In Hart v FCT  FCAFC 61, the Full Federal Court unanimously dismissed an appeal against a Part IVA determination that had the effect of including part of the earnings of a law firm in the Taxpayer’s assessable income. The Taxpayer entered into two arrangements with others called the ‘New Venture Income Scheme’ (NVI Scheme). The effect of the scheme was to divert two classes of earnings away from the Taxpayer, or entities he controlled, and into the hands of a company with carried forward tax losses. Then, following a series of gifts and subscriptions for capital, the earnings were paid to the Taxpayer in the form of loans. The Commissioner assessed the earnings as taxable income in the Taxpayer’s hands.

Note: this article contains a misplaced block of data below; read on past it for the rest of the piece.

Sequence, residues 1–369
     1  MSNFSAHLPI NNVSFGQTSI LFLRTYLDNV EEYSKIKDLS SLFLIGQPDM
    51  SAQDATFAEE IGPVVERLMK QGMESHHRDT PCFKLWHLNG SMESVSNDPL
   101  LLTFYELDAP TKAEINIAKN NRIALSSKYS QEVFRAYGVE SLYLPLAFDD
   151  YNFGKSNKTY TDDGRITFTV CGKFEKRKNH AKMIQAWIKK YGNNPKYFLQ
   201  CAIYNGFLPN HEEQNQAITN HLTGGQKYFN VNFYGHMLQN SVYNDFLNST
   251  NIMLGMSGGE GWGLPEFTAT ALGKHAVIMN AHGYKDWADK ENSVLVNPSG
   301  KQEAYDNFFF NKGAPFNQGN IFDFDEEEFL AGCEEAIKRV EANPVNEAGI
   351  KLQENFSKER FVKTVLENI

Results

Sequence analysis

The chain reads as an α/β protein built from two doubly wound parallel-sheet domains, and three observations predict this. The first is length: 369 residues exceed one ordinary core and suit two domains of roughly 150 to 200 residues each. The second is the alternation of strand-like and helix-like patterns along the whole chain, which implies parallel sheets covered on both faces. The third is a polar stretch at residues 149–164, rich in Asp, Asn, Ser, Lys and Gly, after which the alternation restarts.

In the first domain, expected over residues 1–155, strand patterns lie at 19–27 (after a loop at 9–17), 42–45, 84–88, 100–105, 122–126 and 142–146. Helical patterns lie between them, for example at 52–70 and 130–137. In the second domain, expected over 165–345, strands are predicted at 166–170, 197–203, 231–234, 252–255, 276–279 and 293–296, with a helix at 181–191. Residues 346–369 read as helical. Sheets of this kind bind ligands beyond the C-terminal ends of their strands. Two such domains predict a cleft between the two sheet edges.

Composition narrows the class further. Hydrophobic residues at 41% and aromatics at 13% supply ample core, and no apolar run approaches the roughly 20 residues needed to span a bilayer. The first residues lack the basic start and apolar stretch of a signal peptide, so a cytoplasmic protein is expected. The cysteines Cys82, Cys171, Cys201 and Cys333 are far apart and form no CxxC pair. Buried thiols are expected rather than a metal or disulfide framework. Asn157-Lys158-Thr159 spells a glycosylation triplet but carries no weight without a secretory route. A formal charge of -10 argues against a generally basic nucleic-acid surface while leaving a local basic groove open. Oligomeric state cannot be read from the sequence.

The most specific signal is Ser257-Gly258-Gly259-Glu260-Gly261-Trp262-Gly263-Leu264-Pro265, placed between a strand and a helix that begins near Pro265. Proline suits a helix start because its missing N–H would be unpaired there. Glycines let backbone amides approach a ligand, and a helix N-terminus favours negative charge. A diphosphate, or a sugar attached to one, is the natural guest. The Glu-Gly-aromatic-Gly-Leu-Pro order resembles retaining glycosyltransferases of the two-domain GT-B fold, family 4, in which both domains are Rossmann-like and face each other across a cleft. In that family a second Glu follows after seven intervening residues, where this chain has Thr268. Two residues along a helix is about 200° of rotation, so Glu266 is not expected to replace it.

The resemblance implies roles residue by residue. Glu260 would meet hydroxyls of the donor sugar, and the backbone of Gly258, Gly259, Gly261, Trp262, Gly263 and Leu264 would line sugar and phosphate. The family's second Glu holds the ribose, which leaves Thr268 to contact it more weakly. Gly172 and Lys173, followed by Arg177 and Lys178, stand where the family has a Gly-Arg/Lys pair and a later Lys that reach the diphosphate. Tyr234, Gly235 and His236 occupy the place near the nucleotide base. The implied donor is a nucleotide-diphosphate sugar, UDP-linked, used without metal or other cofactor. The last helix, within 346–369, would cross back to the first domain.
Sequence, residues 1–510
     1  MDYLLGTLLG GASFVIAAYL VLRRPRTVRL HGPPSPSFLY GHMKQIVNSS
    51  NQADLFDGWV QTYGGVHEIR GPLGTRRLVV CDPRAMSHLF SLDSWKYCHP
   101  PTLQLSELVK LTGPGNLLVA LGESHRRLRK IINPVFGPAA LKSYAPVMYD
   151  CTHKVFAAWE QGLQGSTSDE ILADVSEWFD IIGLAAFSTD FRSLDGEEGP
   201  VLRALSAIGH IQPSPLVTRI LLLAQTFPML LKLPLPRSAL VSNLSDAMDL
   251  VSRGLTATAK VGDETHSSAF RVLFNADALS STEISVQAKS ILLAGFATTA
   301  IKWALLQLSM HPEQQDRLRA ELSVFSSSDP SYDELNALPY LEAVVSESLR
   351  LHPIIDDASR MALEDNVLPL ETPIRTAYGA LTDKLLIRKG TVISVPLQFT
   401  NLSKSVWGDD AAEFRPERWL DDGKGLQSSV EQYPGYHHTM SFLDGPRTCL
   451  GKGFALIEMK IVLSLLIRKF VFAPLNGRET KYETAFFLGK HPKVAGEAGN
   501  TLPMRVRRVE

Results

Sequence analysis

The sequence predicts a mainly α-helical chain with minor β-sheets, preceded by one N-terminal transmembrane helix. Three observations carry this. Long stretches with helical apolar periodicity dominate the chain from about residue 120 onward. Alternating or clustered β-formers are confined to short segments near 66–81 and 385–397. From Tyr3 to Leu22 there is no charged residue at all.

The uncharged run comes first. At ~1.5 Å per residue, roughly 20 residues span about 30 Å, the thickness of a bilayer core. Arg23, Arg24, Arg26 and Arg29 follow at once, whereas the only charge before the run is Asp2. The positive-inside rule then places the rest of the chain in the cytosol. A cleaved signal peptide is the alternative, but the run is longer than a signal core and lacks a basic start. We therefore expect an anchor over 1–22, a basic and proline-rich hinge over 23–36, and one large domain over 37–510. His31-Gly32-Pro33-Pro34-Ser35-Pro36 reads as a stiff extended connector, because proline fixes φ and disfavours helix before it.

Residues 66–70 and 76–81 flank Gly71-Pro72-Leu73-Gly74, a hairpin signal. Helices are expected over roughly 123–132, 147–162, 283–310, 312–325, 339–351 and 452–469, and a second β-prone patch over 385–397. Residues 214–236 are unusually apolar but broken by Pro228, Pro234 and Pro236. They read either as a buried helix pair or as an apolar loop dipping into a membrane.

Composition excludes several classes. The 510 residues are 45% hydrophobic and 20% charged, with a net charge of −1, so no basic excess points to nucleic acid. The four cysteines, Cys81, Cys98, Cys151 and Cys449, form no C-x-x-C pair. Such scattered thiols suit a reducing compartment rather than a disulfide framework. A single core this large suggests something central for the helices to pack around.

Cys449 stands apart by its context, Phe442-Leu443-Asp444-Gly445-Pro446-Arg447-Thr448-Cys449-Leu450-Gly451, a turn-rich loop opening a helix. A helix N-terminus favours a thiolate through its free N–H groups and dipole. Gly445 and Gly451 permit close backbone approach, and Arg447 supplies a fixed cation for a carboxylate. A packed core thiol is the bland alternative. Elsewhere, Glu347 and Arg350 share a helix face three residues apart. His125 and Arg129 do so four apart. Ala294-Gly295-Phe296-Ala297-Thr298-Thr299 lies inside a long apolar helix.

The Court concluded that at first instance, Justice Bromwich was correct to conclude the amount beneficially derived by the Taxpayer was a distribution to the Taxpayer and assessable as such. The Taxpayer failed to show that what was paid to him was not income according to ordinary concepts.
In respect to the Part IVA assessments, the Taxpayer argued that the Commissioner’s counterfactual was not reasonable, being that there was no possibility that he would have ever received past income, and it would always have gone elsewhere. The Full Court found that the Taxpayer not only failed to establish that the Commissioner’s counterfactual was unreasonable, but he also had failed to adduce evidence of his own counterfactual. A 50% penalty imposed upon the Taxpayer was also upheld.
A discussion of the trial decision of the Federal Court is provided in our earlier publication Talking Tax – Issue 81.